Karma is developing into one of the fastest and most-reliable cross-country horses in the West. The 9-year-old bay Oldenburg mare and James Alliston won their third-straight blue ribbon together at either the four-star or Advanced level in the CCI4*-S at the Twin Rivers Fall International in Paso Robles, California, with the only double-clear cross-country round on Saturday.
Most couples share a kiss and part ways at 8:00 a.m. as they head off to their own work days, but eventing power couple James and Helen Alliston do it all together. We gave our USEA members the opportunity to submit their questions for this West Coast-based couple, and USEA Podcast host Nicole Brown gets them to share all on many topics: eventing in the U.S. versus the U.K., who is the most competitive of the two, dealing with warmer temperatures, why James likes to drive illegally slow, and so much more!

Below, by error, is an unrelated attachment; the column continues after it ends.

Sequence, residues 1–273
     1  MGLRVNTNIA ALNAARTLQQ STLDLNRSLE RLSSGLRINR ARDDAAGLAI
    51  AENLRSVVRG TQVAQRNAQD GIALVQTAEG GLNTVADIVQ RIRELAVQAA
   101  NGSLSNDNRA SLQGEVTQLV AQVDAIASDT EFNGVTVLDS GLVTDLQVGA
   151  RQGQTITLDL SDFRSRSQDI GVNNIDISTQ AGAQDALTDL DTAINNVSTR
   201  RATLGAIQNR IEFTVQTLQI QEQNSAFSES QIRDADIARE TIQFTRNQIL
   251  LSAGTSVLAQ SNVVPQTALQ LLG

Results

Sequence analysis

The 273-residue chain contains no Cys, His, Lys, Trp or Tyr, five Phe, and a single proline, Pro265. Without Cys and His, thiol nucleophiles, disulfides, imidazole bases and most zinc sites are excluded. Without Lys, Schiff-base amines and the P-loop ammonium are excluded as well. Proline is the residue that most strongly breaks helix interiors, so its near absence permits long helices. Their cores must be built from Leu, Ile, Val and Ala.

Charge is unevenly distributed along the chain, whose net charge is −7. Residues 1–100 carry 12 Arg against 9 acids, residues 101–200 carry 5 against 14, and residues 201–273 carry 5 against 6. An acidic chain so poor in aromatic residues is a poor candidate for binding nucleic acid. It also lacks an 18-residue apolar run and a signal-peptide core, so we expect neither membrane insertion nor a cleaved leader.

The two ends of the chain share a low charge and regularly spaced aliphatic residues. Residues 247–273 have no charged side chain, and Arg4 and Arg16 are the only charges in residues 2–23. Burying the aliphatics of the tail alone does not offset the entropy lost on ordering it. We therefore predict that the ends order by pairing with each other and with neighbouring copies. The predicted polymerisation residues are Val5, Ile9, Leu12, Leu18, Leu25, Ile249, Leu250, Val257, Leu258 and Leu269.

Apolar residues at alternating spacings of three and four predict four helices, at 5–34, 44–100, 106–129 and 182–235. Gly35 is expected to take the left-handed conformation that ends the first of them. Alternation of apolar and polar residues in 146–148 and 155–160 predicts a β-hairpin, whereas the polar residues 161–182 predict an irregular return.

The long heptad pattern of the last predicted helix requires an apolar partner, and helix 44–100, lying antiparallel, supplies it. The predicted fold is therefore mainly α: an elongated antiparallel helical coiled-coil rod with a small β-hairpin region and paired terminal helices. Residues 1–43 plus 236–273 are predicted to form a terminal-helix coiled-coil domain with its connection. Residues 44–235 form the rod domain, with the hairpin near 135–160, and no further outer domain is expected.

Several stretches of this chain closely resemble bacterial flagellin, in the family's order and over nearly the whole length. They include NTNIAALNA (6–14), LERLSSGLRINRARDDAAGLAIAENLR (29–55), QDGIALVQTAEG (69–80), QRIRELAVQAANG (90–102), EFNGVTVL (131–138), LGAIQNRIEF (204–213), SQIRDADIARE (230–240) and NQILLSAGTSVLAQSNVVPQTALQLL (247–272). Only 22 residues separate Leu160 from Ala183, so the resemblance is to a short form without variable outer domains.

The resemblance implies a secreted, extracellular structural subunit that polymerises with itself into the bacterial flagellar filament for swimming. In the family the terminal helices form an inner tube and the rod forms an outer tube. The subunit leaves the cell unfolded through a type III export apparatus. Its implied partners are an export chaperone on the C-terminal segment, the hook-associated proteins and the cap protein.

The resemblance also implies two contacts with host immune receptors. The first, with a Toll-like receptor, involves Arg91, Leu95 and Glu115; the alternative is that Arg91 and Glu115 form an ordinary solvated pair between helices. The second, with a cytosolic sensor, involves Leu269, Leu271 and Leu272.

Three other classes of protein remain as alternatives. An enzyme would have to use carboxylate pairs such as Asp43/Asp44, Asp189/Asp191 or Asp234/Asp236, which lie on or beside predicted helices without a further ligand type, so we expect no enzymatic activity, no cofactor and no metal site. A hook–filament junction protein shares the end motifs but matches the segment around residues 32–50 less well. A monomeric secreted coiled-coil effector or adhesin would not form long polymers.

The Plantation Field International CCI4*-S concluded today with the cross-country phase, and the final standings were nearly a matter of “last one standing.” As Tropical Storm Ophelia brought a torrential downpour to the area, a number of riders decided to opt out: of 39 competitors, only six completed, and 17 withdrew before the start of cross-country.